This doctrine, which alone radically separates economics from the scientific tradition, shapes Mankiw’s textbook from cover to cover. As one would expect, it performs heroics at the book’s beginning.  With a real science its basic principles, rather than being its beginning, are its highest achievement.  But on the second page under the heading HOW PEOPLE MAKE DECISIONS, Mankiw unveils his “four principles of individual decision making”.  At no point does he allude to how his basic principles were discovered.  No names, no dates and no processes of discovery are mentioned.  Instead he seeks, by appeal to folksy stories to persuade the student to accept them on faith.  Only a confirmed Neo-Platonist or a snake oil salesman would think to begin an epistemological exercise that way.

Tomorrow: Part II – Mankiw’s use of emotionality and bullying

  1. November 7, 2011 at 2:06 pm

    “[quoting Bouchard]…An economist once told me, to my bewilderment: These concepts are so strong that they supersede any empirical observation.”

    “[Mankiw] seeks, by appeal to folksy stories to persuade the student to accept them…”

    As a mathematician turned lawyer friend of mine says when dismissing such incoherence: It must be dialectical ….

  2. November 7, 2011 at 3:01 pm

    What I say three times is true!

  3. November 7, 2011 at 5:03 pm

    Intuitive “truths” are arguably the greatest obstacles to seeing the world as it is.
    We forget that such beliefs are often the result of collective conditioning over a long period of time (“The earth is flat”).
    I still remember being on conducted tour through Moscow in 1971 with a young female tour guide on the bus. We were shown the sites of the city, including the Red Square, Kremlin, etc., and sensing a somewhat reserved attitude on the part of her passengers, the tour guide exclaimed: “Communism is right, because it s the truth!”
    It is easy to mold young minds, if you hold them captive (in a University), make them believe that they are special, and feed them with unsubstantiated axioms upon which a whole edifice of “knowledge” is based.

  4. Allen Cookson
    November 7, 2011 at 11:36 pm

    Neil Postman, in his 1971 book “Teaching as a Subversive Activity”, averred that the proper purpose of teaching should be the the production of crap detectors.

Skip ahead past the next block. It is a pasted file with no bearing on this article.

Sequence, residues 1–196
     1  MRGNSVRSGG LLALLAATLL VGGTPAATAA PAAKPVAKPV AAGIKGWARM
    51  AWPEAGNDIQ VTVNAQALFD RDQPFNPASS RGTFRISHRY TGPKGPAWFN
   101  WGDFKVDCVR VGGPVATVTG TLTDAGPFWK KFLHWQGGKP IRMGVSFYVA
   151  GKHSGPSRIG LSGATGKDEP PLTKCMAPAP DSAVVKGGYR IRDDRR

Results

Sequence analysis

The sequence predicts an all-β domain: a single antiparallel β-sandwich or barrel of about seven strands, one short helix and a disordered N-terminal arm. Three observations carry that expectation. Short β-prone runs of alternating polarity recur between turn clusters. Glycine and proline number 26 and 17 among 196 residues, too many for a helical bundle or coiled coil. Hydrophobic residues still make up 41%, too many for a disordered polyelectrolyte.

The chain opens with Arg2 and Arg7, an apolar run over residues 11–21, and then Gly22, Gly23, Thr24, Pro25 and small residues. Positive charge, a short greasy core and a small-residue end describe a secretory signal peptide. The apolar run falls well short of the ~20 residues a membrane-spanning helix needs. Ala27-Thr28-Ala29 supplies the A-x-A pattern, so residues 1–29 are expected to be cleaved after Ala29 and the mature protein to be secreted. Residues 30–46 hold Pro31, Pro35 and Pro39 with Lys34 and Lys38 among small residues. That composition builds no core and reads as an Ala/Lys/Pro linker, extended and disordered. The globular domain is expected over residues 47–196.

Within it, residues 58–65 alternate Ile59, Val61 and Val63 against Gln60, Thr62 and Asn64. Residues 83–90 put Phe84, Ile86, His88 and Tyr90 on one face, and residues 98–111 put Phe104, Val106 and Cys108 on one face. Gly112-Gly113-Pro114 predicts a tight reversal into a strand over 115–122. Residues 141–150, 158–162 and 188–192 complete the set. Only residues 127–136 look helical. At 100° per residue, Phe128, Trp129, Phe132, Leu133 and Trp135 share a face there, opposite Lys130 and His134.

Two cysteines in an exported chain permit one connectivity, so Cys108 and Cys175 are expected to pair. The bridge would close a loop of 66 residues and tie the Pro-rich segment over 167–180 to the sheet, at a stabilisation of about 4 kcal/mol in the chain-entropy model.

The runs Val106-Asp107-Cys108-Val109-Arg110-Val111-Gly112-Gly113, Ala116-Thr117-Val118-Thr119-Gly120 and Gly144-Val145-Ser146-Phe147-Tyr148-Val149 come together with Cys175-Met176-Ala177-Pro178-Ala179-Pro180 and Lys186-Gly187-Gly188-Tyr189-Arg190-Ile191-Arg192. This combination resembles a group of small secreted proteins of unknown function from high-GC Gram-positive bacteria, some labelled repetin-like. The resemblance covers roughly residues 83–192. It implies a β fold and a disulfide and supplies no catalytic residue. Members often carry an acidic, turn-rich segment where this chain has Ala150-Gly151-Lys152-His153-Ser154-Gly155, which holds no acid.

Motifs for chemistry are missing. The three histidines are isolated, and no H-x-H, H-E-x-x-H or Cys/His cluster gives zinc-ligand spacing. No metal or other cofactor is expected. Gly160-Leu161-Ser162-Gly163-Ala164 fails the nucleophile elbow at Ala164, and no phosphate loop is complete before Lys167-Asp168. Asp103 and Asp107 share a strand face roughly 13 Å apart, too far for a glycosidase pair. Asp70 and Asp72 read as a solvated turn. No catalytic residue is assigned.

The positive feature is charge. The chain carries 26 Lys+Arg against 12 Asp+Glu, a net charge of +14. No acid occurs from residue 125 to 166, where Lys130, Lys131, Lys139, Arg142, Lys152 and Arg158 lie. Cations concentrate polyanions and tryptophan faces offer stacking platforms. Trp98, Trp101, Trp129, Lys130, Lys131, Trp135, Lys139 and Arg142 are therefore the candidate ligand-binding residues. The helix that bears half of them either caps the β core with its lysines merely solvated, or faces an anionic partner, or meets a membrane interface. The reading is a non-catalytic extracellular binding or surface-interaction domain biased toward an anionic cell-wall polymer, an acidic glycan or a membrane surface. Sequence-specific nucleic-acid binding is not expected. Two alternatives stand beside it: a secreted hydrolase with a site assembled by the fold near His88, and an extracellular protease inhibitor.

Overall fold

Joan Robinson put it this way: “The purpose of studying economics is not to acquire a set of ready-made answers to economic questions, but to learn how to avoid being deceived by economists.”
    If only one teacher in a department teaches the skill of crap detection effectively it should serve as a vaccination against infectious delusion. Maybe the skill would transfer between disciplines. That worked for me but my study of economics began after a lifetime in the sciences.
    It appears Mankiw’s and many other economists’ study has afflicted them with permanent brain damage.

  5. November 8, 2011 at 6:33 am

    There is definitely a need to provide an epistemological justification for creating Economic Axioms. In my writing I use what I call a “Dualism Challenge.” I define an argument passing a dualism challenge when no developed line of argument opposes a statement. For instance, stating high interest rates usually discourage borrowing would pass the dualistic challenge, but stating more government spending will decrease unemployment would fail. I think your analysis of Greg Mankiw is on the mark. He makes no effort to justify his ten economic principles. He seems satisfied that their long existence in economic literature justifies their acceptance.

  6. merijnknibbe
    November 8, 2011 at 7:20 am

    “Mankiw unveils his “four principles of individual decision making”. At no point does he allude to how his basic principles were discovered. No names, no dates and no processes of discovery are mentioned. Instead he seeks, by appeal to folksy stories to persuade the student to accept them on faith.”

    It need not be this way. There is a whole science of “çonsumer behavior”.
    * This science delves deeply into anthroplogy, psychology, neurology, history, whatever.
    * It does mention discoveries, names, dates and processes of discovery.

    Not needless to say: though this science tries every method in the books to explain and predict consumer behavior, as long as it works, it does not use the neo-classical ‘utility’ based approach of people like Mankiw, with his four dogma’s of individual decision making. Why not? This approach does not enable scientific investigation and measurement. It just does not work.

    The very least teachers of neo-classical economics should do is to mention this approach and its successes. But they don’t even know it, in my experience.

  7. Bruce E. Woych
    November 8, 2011 at 1:28 pm